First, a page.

By Marshall Houston
Joan Mulholland and Bob Singleton have freed me over the past five days.
After listening to Joan speak for 20 of the most compelling minutes of my life on the bus ride to Greensboro, North Carolina, I caught her trailing at the back of the pack in the International Civil Rights Museum. During those 20 minutes on the bus, Joan became my hero and mentor, but she didn’t know it when I caught her and started talking in the museum.
We paused for an extra 45 seconds at the Mississippi books exhibit and immediately connected over our love for books. I am an avid collector of books on nearly every subject, and I normally can’t leave a bookstore empty handed. As Joan started discussing her books from the movement, a spark flickered in her eyes, and she said that her favorite books are the hidden treasures—ones you don’t go to the bookstore to find—and that when you find them, you seize the moment! I mumbled something in agreement, too overwhelmed with joy that my hero embraces these serendipitous moments just as much as I do. “Not everyone understands this. Soulmates,” she exclaims.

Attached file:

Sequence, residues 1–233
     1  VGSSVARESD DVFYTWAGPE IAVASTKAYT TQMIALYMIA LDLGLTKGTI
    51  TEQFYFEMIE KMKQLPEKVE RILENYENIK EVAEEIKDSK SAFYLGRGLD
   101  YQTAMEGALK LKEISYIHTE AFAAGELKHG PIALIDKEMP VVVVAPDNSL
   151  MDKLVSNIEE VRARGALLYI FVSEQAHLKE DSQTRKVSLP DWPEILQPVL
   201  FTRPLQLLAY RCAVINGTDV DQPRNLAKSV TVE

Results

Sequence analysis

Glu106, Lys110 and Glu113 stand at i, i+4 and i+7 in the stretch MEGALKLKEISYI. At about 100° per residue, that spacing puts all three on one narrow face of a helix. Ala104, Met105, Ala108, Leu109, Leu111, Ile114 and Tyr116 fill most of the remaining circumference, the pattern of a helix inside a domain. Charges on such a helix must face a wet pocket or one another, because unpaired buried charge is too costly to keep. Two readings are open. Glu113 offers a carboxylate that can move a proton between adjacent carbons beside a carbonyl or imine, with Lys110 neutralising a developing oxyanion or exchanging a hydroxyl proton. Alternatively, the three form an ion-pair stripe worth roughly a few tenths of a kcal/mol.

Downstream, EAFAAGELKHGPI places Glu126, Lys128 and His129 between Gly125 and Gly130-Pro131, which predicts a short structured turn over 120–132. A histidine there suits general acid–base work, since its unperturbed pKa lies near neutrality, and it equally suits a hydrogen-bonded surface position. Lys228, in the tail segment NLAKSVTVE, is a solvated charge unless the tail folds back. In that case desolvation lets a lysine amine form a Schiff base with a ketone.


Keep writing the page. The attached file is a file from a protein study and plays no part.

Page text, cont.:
Speechless. I wrote her quote in my notebook as fast as possible; how else could I react to Joan Mulholland telling me that we were soulmates?
As we came to find out over lunch, Joan and I share more than our love of chance encounters with books; we share a Huguenot heritage by way of Charleston. I’m stunned again! This can’t be happening.
Joan marched me up to the front of the crowded banquet hall and, with a piercing shrill, quieted the room to tell everyone that we are family. FAMILY. With Joan Mulholland……
As a white male from Birmingham with a family history as deeply tied to Alabama as the thick, sticky humidity, I have not had guidance—philosophical guidance—on how to feel when I see gruesome pictures of lynchings where people with faces like mine beam with pride. Joan gave me this guidance.
Through her actions over 50 years ago, Joan, as my newly reconnected relative, gave me the confidence to escape any baggage or regret that I was holding onto, thinking that holding onto some notion of shame in Alabama made me like the Freedom Riders. This mindset of regret and shame is a sickness, and I can’t help but laugh at the mindset that I once held so dear.
After only five days on the ride, I have made a startling revelation; I have a white mother from Virginia in Joan Mulholland and a black father from Los Angeles in Bob Singleton that link me with hundreds, if not thousands, of brothers and sisters of every race and creed and heritage in the family of deep love! Together we celebrate the individuality of each relative’s heritage, and I have no more shame or regret.
As they say, blood is thicker than water, and I have new blood.